Hoffman sponsored the most: six of the bills that made it this far. HB 2236 bans automatic voter registration, and HB 2237 bans same-day voter registration. HB 2243 modifies voter registration forms to add a line notifying the voter that their registration will be canceled if they move to another state.
HB 2289, sponsored by State Representative John Fillmore (R-Apache Junction) makes it easier for representatives of a political party to observe ballot tabulation all the way through the process.
State Representative Shawnna Bolick (R-Phoenix), who sponsored four bills and has created a “Roadmap to Restore Election Integrity,” introduced HB 2378. It prohibits the secretary of state from entering into settlements that materially affect county recorders without consulting them, and also authorizes county recorders to enter those civil actions. HB 2379, also sponsored by Bolick, provides that state law will supersede the state elections procedures manual if there is a conflict, and adds the legislature to provide personnel to the secretary of state when working on the manual.
HB 2492, another bill from Hoffman, requires proof of citizenship to vote and turns those who attempt but are not citizens over to the attorney general for prosecution. Hoffman’s HB 2494 requires the secretary of state and county recorders to post on their websites a record of what events they or their staff attend where there is voter registration.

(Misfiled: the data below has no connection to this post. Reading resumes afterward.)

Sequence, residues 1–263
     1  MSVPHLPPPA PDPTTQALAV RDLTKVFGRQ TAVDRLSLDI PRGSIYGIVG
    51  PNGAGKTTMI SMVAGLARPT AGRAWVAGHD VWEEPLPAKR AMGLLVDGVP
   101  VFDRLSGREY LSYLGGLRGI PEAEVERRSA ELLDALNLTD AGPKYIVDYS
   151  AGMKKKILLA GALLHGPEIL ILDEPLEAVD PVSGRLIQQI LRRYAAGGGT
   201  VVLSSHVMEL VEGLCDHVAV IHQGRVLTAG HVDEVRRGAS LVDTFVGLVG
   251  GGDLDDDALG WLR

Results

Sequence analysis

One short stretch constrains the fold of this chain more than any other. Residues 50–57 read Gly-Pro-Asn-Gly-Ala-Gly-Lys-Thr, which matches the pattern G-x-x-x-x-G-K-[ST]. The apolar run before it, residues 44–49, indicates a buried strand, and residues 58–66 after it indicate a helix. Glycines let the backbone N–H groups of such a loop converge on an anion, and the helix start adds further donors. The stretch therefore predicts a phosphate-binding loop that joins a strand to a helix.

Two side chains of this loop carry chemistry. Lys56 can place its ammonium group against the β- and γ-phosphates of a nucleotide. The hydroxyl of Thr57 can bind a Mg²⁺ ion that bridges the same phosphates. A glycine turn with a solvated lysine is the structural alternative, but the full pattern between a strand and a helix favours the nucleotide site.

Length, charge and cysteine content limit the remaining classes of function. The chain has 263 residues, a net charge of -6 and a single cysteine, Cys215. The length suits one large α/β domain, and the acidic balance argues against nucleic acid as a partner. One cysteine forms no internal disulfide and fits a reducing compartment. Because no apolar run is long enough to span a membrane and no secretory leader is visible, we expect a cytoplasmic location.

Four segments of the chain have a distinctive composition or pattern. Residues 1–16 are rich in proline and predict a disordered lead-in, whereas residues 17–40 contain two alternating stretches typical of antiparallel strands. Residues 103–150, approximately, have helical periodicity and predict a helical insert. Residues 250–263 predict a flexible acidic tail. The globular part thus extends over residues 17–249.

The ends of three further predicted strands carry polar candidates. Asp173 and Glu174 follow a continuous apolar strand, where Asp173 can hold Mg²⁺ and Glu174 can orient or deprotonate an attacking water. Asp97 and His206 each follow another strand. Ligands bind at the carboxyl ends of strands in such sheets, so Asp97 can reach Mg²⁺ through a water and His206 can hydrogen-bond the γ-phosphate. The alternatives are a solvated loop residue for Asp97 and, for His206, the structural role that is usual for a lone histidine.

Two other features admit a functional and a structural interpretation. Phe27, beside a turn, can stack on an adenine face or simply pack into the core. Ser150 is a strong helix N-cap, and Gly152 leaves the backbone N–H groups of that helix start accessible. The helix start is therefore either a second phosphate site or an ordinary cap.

Bolick’s HB 2602 allows emergency voting centers only in the case of a genuine emergency, and allows electioneering to occur outside 75 feet from polling locations unless they have been very clearly designated non-electioneering locations.
HB 2617, sponsored by State Representative Joseph Chaplik (R-Scottsdale) makes it easier for county recorders to cancel voter registration when it’s clear someone no longer lives in the state, is a felon, or other valid reason. It requires the secretary of state and county recorders to regularly check to see if voters are no longer eligible, by checking relevant government databases including those containing deaths and driver’s license information, and requires jury managers to send the secretary of state and county recorders jury questionnaires when the person has stated they are not a citizen.
HB 2710, sponsored by State Representative John Kavanagh (R-Fountain Hills) makes voter registration information public records, makes it easier to be removed from the active early voting list, makes it easier for political parties to observe voting tabulation, adds publication requirements before commencing hand counts, and makes it easier for political parties to provide board watchers for hand counts.
Another bill by Kavanagh, HB 2780, requires county recorders to publish a list of registered voters prior to elections, publish a list of who voted and whether they voted by mail or in person after elections, publish ballot images, and identifying numbers that make it possible to connect ballots to batches that were counted.
HB 2783, by Bolick, makes it a class 6 felony for the secretary of state to fail to complete the state elections manual every other year. It passed the House, but a motion was made to reconsider it within 14 days.
Hoffman’s HB 2786 prohibits election officials from comparing voters’ signatures to their signatures on unofficial forms.
Finally, Kavanagh’s HB 2170 requires documents and links sent to voters that contain official voter information, voting registration, or early ballot requests to disclose in large writing, and clearly, that the information is not being sent from the government.
There were also a few other bills that passed the House that could be construed as election integrity bills, such as one addressing precinct committee persons.
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Rachel Alexander is a reporter at the Arizona Sun Times and The Star News Network. Follow Rachel on Twitter. Email tips to [email protected].
Photo “Kelly Townsend” by ArizonaSage. CC BY-SA 4.0. Background Photo “Arizona State House Floor” by Gage Skidmore. CC BY-SA 3.0.